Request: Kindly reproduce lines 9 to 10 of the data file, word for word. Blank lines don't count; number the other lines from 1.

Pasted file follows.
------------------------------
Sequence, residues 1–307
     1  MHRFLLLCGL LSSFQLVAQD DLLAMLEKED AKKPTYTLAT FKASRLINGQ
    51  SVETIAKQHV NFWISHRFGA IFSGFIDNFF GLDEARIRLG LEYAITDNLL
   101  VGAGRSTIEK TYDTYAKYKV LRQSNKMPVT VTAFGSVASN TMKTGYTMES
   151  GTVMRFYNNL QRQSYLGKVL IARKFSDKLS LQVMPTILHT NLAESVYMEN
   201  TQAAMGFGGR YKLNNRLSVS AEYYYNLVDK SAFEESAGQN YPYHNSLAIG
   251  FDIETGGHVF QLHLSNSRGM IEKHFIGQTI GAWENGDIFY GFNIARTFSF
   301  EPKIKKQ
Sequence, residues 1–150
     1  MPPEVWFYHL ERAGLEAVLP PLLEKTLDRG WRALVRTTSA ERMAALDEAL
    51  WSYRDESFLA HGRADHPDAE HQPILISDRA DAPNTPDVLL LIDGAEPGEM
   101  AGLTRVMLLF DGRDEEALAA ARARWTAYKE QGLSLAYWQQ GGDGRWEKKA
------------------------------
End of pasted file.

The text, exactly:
Sequence, residues 1–150
     1  MPPEVWFYHL ERAGLEAVLP PLLEKTLDRG WRALVRTTSA ERMAALDEAL